Tag Archives: acceptance

Self-Love: A Cliché? Or the Key to the Universe?

Tina Turner might have been speaking about the confusion love creates when falling for another, but love baffles even more people when they think about showing love to themselves. Admit it… can you even say to yourself that you love “you”?

I had an epiphany not too long ago. It seems silly to think that after almost twenty-eight years of providing mental health services that this notion only just recently arrived in my brain. I’ve spent countless hours talking to people about their chronic depression or anxiety, their ongoing and repeated bad (and sometimes abusive) relationships, their horrible self-esteem, their exhausting obsessive thoughts, their crippling body-image issues or concerns with over- or binge-eating, their immobilizing lack of assertiveness, their shattering hurt feelings, their relentless old habits, and so on. Whatever “broke” their spirit and souls, I was committed to helping them reclaim their lives. Throughout all of this work, if asked, I couldn’t even count the number of times I spoke to someone about self-love, itself.

My recent “ah ha” moment stopped me dead in my tracks. It dawned on me that every single concern or challenge a person struggles with throughout their experience of the human condition is related to a lack of self-love. And I mean EVERY single concern. Give that some thought…. What does everyone want most? To be loved and accepted. What do we lack the most within ourselves? Yep!… Love and acceptance.

marnws4After realizing this, I also realized that each emotional struggle or wound that exists stems directly from the fact that a person doesn’t love themselves. For over ten years, my mission has been to teach others about Soul Health, with the main concept pointing to our willingness to align the ten branches of the human condition with our souls in order to experience what I call “radiant living”. But can we really align our lives without self-love? Can we really sustain change and foster growth and evolution without accepting ourselves? The answer is a definitive “no”.

Research, in many ways, indicates that self-love enhances our overall health. Not only do studies show that self-acceptance improves satisfaction with life, they also show that self-compassion provides the motivation we need in order to change our lifestyle and maintain healthy behaviors such as getting regular exercise, eating a healthy diet, and even success with smoking cessation. Other research indicates that self-compassion and acceptance reduces stress and can prevent procrastination because it helps us recognize the downside of an unhealthy behavior before we engage in something we might regret.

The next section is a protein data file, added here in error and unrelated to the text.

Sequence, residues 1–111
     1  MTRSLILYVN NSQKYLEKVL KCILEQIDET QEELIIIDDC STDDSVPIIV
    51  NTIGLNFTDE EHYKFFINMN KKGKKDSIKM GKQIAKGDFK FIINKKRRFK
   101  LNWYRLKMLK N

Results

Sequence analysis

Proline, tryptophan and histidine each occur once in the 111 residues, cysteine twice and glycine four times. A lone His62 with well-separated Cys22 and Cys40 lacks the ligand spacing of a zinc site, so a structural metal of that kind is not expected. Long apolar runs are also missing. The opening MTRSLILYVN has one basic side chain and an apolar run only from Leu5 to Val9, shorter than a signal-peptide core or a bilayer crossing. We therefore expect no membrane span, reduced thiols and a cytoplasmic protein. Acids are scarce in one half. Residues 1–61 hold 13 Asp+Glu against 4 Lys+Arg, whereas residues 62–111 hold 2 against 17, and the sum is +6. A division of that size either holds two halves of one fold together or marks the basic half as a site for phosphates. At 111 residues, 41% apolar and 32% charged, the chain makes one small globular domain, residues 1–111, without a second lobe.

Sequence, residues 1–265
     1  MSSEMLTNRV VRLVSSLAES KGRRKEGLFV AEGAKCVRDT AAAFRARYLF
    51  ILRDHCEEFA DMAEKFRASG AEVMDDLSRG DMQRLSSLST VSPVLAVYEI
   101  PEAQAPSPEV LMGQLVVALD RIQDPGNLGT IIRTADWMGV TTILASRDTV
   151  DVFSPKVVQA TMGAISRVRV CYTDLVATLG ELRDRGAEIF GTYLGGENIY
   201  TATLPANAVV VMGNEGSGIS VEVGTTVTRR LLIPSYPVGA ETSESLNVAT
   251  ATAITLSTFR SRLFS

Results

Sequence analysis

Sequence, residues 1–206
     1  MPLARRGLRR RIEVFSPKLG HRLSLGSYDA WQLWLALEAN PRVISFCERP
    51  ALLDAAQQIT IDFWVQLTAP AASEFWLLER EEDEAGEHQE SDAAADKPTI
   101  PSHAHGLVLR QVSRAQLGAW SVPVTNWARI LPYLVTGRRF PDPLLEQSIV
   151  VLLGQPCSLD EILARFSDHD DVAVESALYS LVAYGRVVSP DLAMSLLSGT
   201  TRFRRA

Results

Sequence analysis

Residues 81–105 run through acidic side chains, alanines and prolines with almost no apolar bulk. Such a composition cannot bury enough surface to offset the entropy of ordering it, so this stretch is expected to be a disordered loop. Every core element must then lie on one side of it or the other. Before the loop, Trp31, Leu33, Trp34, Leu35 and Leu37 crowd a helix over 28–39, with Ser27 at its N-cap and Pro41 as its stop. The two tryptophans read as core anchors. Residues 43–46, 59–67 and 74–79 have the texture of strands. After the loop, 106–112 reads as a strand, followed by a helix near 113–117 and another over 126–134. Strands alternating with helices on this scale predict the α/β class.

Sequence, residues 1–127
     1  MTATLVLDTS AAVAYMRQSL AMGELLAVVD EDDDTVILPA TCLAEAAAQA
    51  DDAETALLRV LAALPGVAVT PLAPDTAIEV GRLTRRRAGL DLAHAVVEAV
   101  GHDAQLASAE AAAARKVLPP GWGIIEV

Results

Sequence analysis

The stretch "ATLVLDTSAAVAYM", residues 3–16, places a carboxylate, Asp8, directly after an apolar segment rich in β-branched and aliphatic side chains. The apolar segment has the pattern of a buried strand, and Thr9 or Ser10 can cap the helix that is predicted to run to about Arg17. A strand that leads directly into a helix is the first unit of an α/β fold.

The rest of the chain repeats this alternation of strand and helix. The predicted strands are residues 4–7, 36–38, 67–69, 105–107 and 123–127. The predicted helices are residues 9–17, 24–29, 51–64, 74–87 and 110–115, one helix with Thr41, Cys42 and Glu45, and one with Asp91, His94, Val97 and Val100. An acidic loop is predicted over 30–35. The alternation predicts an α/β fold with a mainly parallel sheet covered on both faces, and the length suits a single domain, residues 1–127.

A study in the journal of Psychological Science confirmed that self-love can also help us to deal with adversity, showing that divorced individuals who spoke compassionately toward themselves were more able to recover from the separation than those who spoke with self-criticism. Reading this research and pondering my work with clients helped me refocus on the importance of self-love as a person evolves.  But an even bigger awareness shifted my approach to both working with clients and working my way through my own concerns within the human condition. Humor me for a moment….

Why do we repeat old patterns? Because we haven’t evolved beyond them. Why haven’t we evolved beyond them? Because we haven’t learned to—or are willing to love ourselves enough to do so. So, if you wonder why your life is in a vicious and unhealthy cycle, perhaps it is time to work on self-love.
For those who believe in reincarnation—the rebirth of a soul in a new body for the purpose of evolution—the concept of self-love also answers why our soul comes back for another round. You might want to consider your unfinished business or karma as a sign that your soul is missing out on a little (or a lot) of self-compassion. If we repeat old patterns because of a lack of self-love, it makes sense that on a bigger scale, we also repeat lives because we haven’t figured out that love has something to do with it… self-love, that is.

For you Beatles fans out there, I’m sorry to say that they forgot a verse to their song, “All You Need is Love”. The remake will have to include the key to the Universe—that self-love is the answer to all of life’s challenges. If you want to evolve beyond your old stuff, then get to work on loving yourself at least a little bit more today.

For more information about self-love, check out this article from Spirituality and Health Magazine, titled “Five Self-Love Exercises”.

A Captive of the Clouds